Disney Tells Jungle Cruise Jokers to Take a Ride


Disneyland's famed Jungle Cruise has hit rough seas, and several of the ride's "skippers" have lost their jobs for veering from the company's official script and telling their own jokes to park guests.

At least eight workers on the maritime attraction have been fired over the last few months after a "crackdown" by Disneyland on the unauthorized jokes, said Chad Gordon, who lost his job in August after refusing to stick with the script.

"I feel hurt because what we were doing made people laugh and brought smiles to their faces," said Gordon, 26, of Long Beach. "I think the rules are unreasonable, especially if you consider I've been telling these jokes since 1988."

A Disneyland spokeswoman declined to respond to the charges Saturday but did release a brief statement.

"Disneyland does not make statements on personnel issues," the park said. "However, our philosophy is that Disneyland is very much a theatrical house or stage, which means we view our park as having both onstage and backstage presence.

"We entertain our guests with quality family entertainment and put on performances every day," the statement continued. "Our goal is to deliver a consistent quality show daily."


The Jungle Cruise transports park visitors on a seven-minute journey through a winding river complete with wild animals, noisy pistols and wisecracking "skippers" who fire off jokes and casual banter.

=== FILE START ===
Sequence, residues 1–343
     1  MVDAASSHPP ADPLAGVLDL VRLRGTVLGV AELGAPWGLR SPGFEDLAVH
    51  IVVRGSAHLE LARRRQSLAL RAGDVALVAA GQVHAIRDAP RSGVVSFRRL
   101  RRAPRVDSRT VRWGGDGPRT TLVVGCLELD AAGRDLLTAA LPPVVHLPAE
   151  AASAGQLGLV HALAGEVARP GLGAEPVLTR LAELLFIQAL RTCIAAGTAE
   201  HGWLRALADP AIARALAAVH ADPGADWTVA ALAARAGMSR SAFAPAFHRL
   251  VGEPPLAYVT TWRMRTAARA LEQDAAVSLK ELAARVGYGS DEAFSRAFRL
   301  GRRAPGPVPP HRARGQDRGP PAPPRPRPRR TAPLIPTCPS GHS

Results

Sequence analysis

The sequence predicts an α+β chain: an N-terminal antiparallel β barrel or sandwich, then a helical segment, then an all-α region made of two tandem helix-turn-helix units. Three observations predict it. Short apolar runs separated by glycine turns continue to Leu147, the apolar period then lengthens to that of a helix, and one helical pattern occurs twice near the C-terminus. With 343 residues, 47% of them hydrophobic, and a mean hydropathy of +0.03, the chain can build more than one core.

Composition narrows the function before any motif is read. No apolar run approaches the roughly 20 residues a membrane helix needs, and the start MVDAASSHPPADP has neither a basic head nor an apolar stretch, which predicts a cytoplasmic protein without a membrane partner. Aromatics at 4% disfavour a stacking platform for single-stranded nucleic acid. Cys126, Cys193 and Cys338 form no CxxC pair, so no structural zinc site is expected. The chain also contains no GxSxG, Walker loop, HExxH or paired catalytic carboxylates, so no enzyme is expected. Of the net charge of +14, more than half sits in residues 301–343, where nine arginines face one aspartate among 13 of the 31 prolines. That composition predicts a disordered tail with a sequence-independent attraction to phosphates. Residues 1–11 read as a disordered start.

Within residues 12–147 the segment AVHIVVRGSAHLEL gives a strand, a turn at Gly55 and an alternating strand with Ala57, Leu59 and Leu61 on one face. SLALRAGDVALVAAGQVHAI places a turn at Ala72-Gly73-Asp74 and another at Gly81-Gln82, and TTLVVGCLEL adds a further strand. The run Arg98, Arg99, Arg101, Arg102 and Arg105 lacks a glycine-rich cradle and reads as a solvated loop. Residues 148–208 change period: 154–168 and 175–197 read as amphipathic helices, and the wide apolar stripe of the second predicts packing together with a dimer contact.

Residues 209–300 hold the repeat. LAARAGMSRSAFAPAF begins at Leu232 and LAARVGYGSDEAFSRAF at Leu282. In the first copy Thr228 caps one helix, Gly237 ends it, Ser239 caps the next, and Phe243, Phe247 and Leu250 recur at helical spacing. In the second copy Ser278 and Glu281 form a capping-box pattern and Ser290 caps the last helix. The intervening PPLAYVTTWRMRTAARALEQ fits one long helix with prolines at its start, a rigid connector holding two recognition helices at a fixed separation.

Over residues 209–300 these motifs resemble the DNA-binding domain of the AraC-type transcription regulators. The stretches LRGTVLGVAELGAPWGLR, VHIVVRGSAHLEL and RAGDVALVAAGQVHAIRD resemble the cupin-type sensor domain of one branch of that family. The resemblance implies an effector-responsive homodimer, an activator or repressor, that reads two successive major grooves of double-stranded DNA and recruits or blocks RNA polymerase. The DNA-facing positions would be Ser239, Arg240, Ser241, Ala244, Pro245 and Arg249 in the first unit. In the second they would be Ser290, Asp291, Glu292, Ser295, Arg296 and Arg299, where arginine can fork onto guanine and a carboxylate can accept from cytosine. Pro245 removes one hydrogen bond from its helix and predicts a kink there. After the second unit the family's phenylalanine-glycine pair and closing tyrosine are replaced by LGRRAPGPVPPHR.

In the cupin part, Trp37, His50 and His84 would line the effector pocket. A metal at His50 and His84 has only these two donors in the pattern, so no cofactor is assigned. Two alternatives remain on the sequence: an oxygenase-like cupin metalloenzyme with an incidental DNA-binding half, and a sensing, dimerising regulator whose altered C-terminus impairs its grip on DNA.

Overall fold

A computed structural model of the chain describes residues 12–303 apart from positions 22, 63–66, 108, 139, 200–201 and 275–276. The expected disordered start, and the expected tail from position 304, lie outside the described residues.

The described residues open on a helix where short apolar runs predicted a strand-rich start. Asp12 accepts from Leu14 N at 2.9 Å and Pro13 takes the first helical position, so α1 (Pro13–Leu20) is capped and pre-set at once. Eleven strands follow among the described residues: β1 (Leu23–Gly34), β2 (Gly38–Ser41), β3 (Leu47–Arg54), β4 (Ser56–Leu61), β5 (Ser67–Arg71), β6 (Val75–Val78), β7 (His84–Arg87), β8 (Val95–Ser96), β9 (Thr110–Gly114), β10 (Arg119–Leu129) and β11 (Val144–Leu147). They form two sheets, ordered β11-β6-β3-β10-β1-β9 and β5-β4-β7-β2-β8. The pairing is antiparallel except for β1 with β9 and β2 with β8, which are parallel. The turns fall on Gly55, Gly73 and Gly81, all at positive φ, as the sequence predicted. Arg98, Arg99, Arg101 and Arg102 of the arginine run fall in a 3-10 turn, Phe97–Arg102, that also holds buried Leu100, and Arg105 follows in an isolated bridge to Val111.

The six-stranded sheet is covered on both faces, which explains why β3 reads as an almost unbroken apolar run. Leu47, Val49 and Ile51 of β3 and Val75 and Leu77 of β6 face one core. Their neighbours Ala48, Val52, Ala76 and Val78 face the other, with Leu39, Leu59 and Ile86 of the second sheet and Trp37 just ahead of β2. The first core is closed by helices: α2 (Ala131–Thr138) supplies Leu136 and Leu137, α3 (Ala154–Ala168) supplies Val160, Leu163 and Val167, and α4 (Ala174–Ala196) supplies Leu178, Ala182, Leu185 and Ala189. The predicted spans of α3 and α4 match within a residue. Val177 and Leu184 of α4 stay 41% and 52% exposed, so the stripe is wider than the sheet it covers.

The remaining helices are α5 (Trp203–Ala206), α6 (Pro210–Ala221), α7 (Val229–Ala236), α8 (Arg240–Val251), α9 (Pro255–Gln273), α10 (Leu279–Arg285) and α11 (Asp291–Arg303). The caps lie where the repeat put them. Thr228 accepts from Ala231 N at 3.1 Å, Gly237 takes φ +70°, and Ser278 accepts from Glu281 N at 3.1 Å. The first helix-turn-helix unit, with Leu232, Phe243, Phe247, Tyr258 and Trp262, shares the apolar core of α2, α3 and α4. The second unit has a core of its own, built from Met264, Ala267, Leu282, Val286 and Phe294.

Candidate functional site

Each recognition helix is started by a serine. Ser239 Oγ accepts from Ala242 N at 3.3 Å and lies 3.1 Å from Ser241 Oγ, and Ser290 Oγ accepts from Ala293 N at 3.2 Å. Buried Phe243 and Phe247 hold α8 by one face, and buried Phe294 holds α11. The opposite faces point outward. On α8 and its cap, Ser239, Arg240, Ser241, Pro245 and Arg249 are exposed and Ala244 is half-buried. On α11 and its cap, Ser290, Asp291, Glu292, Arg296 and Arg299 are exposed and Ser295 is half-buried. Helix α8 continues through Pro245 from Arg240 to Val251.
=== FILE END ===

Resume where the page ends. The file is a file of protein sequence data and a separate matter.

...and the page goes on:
Disney's script calls for the skippers to read their lines at seven spots during the ride. But over the years, Gordon said, he and other employees created their own lines that were more contemporary--and, they insist, more humorous.

"Disney's jokes were kind of passe," Gordon said. "People would hear them and say, 'OK, that's not really funny.' "

During one part of the trip, for example, the Jungle Cruise comes across a fake elephant that sprays the ferry with water. Disney's script calls for the skipper to say: "Look out there on the right! It looks like one of the elephants wants to give us a shower."

Gordon's alternative: "Hey, it's Rush Limbaugh," referring to the popular conservative radio host. "Hey, Rush, don't squirt us, I have Republicans on board."

In another part of the ride, Gordon tells passengers: "We're out of here faster than two L.A. football teams."

Gordon said Disneyland managers objected to his routine in part because it included modern references, while the ride is supposed to have a 1938 theme.

"People loved our jokes," he added. "I've never heard any complaints from the guests."

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